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Earth may enter a Little Ice Age within a decadeSolar cycle 25 may not happen at all
Today's shocking announcement came from scientists at the US National Solar Observatory (NSO) and the US Air Force Research Laboratory (AFRL).
At a press conference held at the annual meeting of the Solar Physics Division of the American Astronomical Society in Las Cruces, New Mexico, three solar scientists gave their forecast for the next solar cycle, number 25.
"Cycle 24 may be the last normal one for some time," said solar physicist Dr Frank Hill, "and the next one, Cycle 25, may not happen. The solar cycle may be going into hiatus, like a TV show."
Hill, who is associate director of the NSO’s Solar Synoptic Network, is the lead author on one of three papers presented at the meeting.
"This is highly unusual and unexpected," says Dr Hill. "But the fact that three completely different views of the Sun point in the same direction is a powerful indicator that the sunspot cycle may be going into hibernation."
If we are right, this could be the last solar maximum we’ll see for a few decades, said Hill. That would affect everything from space exploration to Earth’s climate.
Are we headed for another Maunder Minimum and a Little Ice Age?
The Maunder Minimum, a 70-year period from 1645 to 1715 when virtually no sunspots appeared, coincided with the Little Ice Age.
During the Maunder Minimum, many European rivers – including the Thames – routinely froze over, allowing ice skating and even for armies to march across them in some cases, the Register points out.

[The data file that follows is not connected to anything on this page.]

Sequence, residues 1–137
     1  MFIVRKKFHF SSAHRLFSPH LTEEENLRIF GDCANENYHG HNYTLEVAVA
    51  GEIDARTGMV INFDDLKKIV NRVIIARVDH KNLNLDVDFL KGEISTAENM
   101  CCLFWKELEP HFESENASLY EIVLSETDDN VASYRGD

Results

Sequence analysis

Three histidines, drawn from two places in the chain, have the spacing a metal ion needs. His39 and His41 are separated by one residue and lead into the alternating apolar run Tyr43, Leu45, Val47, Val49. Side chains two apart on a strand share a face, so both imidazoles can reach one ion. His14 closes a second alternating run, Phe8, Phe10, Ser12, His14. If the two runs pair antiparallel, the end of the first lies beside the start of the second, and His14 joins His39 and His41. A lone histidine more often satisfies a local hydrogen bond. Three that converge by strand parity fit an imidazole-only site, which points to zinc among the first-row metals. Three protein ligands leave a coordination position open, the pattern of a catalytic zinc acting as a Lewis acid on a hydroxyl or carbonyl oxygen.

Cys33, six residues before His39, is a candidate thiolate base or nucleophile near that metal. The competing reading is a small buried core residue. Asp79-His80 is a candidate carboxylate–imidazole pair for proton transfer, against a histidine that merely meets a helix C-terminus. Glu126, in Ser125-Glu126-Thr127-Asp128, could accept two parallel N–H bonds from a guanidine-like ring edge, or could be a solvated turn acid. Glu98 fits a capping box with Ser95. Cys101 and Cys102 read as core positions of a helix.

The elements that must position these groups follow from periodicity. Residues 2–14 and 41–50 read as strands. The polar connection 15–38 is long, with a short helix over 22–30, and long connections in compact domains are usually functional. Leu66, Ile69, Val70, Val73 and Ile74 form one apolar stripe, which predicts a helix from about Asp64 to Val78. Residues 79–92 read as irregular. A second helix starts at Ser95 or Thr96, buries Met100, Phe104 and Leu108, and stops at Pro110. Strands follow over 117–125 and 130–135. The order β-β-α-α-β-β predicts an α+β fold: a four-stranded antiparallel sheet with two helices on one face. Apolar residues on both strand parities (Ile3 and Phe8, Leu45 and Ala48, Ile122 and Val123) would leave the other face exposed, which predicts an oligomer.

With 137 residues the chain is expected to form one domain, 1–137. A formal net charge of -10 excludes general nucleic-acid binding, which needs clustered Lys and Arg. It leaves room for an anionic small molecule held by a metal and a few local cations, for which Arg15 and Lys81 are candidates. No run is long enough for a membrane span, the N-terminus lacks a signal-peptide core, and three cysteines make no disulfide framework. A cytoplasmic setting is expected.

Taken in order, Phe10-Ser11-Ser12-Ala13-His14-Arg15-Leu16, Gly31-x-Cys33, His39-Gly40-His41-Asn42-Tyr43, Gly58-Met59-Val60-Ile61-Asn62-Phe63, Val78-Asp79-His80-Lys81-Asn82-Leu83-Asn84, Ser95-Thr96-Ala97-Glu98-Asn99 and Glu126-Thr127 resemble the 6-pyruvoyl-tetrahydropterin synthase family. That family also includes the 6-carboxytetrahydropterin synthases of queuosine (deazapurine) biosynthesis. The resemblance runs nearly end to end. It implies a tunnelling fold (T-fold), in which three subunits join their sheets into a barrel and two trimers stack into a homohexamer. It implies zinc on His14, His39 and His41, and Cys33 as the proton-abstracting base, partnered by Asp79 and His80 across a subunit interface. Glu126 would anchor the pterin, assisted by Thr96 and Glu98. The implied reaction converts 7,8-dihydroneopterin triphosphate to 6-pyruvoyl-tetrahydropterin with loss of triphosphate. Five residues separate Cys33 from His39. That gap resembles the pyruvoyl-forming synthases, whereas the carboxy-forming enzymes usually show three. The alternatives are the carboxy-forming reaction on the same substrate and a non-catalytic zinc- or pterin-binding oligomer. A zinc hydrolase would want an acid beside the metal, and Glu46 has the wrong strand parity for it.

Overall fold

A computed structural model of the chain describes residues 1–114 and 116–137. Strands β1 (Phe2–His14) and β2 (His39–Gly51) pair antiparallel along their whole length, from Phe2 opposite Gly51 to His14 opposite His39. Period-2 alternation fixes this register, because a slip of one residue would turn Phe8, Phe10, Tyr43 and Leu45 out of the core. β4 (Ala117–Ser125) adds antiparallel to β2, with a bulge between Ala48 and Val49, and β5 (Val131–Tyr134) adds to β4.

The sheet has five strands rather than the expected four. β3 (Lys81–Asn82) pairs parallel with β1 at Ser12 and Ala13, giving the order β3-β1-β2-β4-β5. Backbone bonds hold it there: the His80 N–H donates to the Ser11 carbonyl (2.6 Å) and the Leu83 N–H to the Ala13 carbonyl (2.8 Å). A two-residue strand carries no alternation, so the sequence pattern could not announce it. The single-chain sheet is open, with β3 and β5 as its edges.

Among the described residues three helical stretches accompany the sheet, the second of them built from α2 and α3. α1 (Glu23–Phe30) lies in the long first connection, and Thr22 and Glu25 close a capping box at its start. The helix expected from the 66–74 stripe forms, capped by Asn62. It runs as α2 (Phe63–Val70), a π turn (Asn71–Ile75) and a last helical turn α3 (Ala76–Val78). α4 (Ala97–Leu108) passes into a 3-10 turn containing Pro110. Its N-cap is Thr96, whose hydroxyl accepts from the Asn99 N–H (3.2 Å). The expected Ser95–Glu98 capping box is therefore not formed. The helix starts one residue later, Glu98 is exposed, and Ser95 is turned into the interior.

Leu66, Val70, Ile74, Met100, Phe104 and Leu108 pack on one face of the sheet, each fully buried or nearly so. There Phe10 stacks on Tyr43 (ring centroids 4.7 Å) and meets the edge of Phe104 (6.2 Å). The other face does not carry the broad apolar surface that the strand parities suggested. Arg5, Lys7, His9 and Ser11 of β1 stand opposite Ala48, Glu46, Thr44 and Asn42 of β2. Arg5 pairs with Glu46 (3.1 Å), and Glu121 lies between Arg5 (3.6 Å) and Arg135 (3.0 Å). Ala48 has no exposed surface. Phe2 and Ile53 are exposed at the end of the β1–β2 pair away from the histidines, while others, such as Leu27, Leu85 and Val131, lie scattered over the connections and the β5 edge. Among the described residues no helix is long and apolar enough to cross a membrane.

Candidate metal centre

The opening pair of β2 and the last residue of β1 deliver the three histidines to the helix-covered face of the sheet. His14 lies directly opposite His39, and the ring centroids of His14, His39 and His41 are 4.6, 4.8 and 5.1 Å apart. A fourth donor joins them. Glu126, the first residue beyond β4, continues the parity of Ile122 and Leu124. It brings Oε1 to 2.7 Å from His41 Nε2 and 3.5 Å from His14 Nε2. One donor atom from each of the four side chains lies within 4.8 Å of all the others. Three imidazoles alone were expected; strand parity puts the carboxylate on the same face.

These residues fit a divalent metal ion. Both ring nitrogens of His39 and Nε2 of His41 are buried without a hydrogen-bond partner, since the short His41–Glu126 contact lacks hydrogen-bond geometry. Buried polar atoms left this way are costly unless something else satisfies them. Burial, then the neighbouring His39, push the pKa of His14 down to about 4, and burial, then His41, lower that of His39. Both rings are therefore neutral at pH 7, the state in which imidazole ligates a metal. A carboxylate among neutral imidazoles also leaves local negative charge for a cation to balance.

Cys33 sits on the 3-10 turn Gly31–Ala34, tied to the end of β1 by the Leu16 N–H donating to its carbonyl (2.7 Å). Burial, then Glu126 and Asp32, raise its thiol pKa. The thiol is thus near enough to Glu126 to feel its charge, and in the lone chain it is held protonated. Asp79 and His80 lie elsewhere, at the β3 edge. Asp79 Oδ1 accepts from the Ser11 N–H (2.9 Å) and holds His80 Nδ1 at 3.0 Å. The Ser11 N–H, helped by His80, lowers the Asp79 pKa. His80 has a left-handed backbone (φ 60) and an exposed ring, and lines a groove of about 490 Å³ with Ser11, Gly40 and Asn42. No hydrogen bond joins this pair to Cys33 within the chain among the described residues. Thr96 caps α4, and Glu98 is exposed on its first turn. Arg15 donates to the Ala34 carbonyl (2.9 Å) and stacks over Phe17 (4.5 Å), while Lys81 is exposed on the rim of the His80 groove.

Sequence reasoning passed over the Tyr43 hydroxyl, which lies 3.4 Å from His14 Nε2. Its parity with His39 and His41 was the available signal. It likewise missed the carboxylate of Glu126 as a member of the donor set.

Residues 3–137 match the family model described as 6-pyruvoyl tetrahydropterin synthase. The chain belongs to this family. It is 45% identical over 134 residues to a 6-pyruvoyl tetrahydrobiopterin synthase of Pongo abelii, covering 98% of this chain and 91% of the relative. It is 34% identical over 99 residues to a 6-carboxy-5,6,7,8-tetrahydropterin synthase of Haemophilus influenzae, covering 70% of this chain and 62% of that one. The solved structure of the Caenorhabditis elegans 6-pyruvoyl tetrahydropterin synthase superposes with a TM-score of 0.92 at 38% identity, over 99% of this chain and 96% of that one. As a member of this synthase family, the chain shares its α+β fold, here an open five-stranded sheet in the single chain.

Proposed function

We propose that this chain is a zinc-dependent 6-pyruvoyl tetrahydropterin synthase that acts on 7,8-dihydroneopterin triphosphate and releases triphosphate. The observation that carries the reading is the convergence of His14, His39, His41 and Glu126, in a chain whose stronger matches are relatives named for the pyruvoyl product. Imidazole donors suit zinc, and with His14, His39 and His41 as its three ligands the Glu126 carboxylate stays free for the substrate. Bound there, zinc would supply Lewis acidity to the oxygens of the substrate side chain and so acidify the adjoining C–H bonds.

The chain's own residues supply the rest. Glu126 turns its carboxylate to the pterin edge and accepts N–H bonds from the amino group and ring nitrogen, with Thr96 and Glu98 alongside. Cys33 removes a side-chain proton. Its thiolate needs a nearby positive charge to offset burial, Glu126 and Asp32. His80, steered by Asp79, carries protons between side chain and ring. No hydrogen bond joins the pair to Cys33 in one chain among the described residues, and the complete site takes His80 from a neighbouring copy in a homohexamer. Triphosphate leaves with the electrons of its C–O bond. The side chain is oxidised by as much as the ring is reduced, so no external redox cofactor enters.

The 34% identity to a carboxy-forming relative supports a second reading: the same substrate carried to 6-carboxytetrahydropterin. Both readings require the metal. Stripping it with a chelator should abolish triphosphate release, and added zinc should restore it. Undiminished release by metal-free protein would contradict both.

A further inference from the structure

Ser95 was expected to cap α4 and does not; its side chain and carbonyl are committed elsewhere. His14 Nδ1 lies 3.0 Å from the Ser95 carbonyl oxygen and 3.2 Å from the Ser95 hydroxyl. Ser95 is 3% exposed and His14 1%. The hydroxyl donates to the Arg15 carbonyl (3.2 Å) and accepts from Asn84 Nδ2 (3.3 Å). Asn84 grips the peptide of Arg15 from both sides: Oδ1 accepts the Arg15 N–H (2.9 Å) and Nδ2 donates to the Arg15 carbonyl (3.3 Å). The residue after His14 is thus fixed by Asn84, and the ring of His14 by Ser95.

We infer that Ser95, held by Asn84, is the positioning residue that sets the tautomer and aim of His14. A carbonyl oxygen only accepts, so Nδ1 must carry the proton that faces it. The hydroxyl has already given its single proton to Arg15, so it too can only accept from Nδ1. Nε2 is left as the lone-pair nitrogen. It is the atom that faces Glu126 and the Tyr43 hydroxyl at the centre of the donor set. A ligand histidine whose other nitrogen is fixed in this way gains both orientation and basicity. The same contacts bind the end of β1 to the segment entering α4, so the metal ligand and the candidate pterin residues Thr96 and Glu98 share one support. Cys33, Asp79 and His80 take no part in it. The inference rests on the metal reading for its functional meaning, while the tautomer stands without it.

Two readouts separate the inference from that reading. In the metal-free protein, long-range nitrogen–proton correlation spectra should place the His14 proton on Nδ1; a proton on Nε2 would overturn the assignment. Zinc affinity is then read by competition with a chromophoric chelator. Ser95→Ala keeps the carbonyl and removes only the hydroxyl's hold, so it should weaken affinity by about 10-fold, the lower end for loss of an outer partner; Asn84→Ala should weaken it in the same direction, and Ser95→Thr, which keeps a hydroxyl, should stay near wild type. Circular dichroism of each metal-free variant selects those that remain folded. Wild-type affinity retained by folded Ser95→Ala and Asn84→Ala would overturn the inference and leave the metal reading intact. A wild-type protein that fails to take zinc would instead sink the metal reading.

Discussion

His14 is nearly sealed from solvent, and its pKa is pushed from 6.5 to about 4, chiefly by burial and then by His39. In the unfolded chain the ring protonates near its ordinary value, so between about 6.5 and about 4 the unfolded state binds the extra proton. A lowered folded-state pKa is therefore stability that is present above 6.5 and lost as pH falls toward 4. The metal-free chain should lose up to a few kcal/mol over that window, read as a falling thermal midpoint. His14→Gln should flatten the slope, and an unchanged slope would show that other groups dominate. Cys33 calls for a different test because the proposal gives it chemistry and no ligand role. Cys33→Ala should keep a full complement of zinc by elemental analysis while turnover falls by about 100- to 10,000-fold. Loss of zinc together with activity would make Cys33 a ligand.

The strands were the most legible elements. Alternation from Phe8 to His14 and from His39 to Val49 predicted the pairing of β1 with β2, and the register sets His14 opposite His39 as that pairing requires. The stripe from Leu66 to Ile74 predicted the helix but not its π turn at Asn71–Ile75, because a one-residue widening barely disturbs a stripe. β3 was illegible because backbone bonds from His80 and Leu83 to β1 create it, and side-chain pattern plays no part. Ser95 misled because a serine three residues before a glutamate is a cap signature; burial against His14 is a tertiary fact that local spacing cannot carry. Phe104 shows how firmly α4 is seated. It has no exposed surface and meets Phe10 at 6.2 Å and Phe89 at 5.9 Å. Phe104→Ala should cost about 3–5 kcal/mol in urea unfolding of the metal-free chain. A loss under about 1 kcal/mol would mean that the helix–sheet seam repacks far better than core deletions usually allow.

In the second paper, Matt Penn and William Livingston predict that by Cycle 25 magnetic fields erupting on the Sun will be so weak that few if any sunspots will form. Typically, magnetic field strength in a sunspot measures 2,500 to 3,500 gauss. (Earth’s magnetic field is less than 1 gauss at the surface.) Based on present trends, the field strength will drop below the 1,500 gauss threshold and spots will largely disappear.
In the third study, Richard Altrock, manager of the Air Force’s coronal research program at NSO’s Sunspot, NM, facilities, described a slowing of what is called the “rush to the poles,” where new solar magnetic activity moves toward the poles.
Cycle 24 started out late and slow and may not be strong enough to create this rush to the poles, indicating we’ll see a very weak solar maximum in 2013... if at all, said Altrock.
Meanwhile, Richard Kerr over at Science magazine doesn't seem too enamored of the findings. "A hibernating sun would have only a slight cooling effect on climate," opines Kerr.
Kerr made sure to include some opposing viewpoints, saying that the sun's behavior "is so uncertain that projections far into the future are more or less speculation." (I don't think Kerr would recognize a cooling trend even if he were buried beneath an advancing glacier.)
Articles on Yahoo.com and MSNBC pooh-poohed the idea that this could affect
climate even more than did Kerr, a foolish stance in my opinion.
Thanks to Tom Weatherby, George Fitzsimmons, Jim Ellison, Steve Foster, Chad Loeffler, Mike McEvoy, Robert Stom, Mike Riemann, Susann Macklem, Keith Connelly, Benjamin Napier, Dale and many, many others for these links
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